Dealing with NZTA disputes – cooperate or litigate?
By: Joshua Shaw, Courtney Donaldson
Published: 25/07/2019
In October 2018 the NZ Transport Agency (NZTA) announced that it was undertaking an extensive review of its 850 open compliance files.  This announcement came with the message that the NZTA would be toughening up its compliance regime and would no longer be prioritising education over enforcement.

As so often happens, the pendulum has now swung to the opposite extreme.  The NZTA has been taking what, in our view, is an all too zealous approach to enforcement and has made a number of attempts to revoke transport service licenses and permits to date.  “Attempt” is the key word here – several of the examples below demonstrate that when the NZTA go too far, the Courts have been willing to pull them back to a more reasonable position.

Having assisted a number of transport companies to work through adverse NZTA decisions and proposals, we can speak to several key themes which have emerged.

First, there are some cases where the NZTA’s approach has been so direct that the only option for a company to survive is to seek immediate relief from the Court.  In two recent cases we have assisted with, the NZTA served revocation decisions on large transport service providers in the week prior to Christmas, with the effect being that the company would have to ‘shut up shop’, cease operating and make employees redundant.  In one case, the revocation was to come into effect two weeks following the notice; in the second there was no grace period and the decision came into effect only hours later.  Immediate revocation might be seen as gratuitous, particularly where there had been a preceding period of months during which the proposal to revoke was being considered.

Both companies had no choice but to seek immediate relief from the High Court.  In both cases relief was granted and the companies were permitted to continue operating pending a full review by the Court of the NZTA decisions.  In one case, the Judge commented on the potentially strong argument that the NZTA’s response to the safety concerns was unreasonable and disproportionate – the use of a sledgehammer to crack a nut as it has sometimes been described.  The companies in question were responsible enough to continue operating until the NZTA decisions could be properly reviewed and the Court granted each the right of doing so under certain conditions.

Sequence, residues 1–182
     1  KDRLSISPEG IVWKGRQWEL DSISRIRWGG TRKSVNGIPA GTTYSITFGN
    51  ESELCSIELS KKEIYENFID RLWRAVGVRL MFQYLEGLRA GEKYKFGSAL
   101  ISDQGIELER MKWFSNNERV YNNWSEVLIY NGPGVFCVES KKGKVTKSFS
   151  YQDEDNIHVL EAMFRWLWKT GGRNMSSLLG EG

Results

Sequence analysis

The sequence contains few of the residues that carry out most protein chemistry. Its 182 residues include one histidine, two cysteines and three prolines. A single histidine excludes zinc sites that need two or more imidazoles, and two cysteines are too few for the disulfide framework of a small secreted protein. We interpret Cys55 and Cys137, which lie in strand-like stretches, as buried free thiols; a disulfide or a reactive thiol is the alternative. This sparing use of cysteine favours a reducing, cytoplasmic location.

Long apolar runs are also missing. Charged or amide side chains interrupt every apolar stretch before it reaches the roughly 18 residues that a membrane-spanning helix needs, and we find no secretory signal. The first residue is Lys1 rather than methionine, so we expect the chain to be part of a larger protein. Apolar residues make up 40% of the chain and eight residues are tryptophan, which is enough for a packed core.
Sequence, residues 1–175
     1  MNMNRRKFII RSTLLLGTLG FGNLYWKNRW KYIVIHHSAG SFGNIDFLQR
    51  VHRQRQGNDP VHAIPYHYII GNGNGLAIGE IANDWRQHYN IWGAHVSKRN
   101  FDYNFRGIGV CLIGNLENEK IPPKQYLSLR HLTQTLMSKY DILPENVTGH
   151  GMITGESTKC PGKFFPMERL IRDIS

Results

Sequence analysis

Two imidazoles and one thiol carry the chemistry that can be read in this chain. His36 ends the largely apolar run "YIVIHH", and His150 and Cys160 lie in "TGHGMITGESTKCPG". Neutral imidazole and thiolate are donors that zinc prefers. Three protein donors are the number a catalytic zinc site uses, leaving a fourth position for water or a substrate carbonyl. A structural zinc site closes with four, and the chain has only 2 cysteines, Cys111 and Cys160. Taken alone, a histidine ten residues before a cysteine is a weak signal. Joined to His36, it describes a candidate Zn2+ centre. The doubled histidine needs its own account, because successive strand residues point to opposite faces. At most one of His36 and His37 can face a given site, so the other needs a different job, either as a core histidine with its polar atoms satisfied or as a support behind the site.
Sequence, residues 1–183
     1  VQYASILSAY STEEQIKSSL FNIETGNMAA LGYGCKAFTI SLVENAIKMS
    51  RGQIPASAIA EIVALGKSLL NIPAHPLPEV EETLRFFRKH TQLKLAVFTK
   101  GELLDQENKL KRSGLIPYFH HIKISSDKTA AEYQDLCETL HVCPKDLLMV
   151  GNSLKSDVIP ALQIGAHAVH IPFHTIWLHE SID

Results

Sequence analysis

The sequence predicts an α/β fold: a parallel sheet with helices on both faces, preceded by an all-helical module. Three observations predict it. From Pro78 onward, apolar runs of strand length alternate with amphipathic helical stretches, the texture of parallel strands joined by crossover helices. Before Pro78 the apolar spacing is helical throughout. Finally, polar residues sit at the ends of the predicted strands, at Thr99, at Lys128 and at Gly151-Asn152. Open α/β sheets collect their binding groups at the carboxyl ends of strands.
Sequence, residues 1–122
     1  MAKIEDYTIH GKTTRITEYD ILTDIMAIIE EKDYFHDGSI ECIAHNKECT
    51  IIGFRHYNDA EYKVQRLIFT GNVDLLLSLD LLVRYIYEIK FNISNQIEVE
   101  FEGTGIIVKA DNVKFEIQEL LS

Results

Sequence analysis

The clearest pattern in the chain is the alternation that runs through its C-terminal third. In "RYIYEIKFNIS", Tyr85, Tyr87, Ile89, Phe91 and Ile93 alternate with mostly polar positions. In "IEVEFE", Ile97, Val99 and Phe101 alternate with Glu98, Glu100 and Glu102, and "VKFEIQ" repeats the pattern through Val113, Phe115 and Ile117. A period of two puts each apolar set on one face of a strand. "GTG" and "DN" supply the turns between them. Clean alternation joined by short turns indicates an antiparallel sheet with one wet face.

Second, whether or not litigation proves necessary, cooperation and engagement with the NZTA remains key.  You may disagree with its decisions, proposals or reasoning, but as the industry regulator the NZTA is not going away.  The more cohesive your relationship with the NZTA, the more likely any concerns will be dealt with in a collaborative, rather than a combative way. 

In both of the cases described above, a key factor in getting positive results from the Court were the steps taken by these operators to responsibly engage with the points raised by the NZTA, to make changes where necessary, and to have ongoing dialogue with the NZTA’s staff.  Personalities may clash, and not everyone will get along, but that should not prevent a good faith effort to deal with any safety or compliance concerns raised by the NZTA.

In several other cases we have assisted with, a cooperative approach with the NZTA has avoided the need for litigation or resulted in proceedings being discontinued.  Compromise and improvement by the companies in question and constructive discussion with the NZTA led to an outcome both parties were happy with.

Third, and really at the intersection of the first two points, although a cooperative approach is worthwhile, it is critical to ensure that your legal position is properly considered and suitably protected.  Thus if a cooperative approach does not yield the results you hope, you will have preserved the ability to have NZTA decisions independently challenged before the Courts.  The looming possibility of Court proceedings also plays an important role in the negotiation process.  There is nothing like the prospect of Court oversight to help persuade a regulator to take a more reasonable position.

A cautious and considered approach is also warranted at an earlier stage of the process, including when you may be subject to an audit or other similar oversight by the NZTA.  As a preventative measure it is important to address and take seriously any recommendations or issues raised during an audit.  Regulators can sometimes be a “wolf in sheep’s clothing”, outwardly seeking collaboration in making improvements to your operation, but then using a failure to implement those recommendations against you in subsequent adverse decisions.

To address the question posed by the title of this article, often the answer will be both.  If you are facing the possibility of an adverse decision by the NZTA, in some cases there will be no choice but to litigate (or at least preserve your ability to do so).  Whether your matter ends up before the Court or not, a cooperative but cautious approach to your dealings with the NZTA will often yield positive results.  Taking advice, even at an early stage, will ensure that any cooperation does not come back to bite you later.

If you have been served with a notice, recently undergone an audit, or are just concerned about your susceptibility to enforcement action by the NZTA, please contact Joshua Shaw or Courtney Donaldson – we are more than willing to help and well equipped to do so.
 
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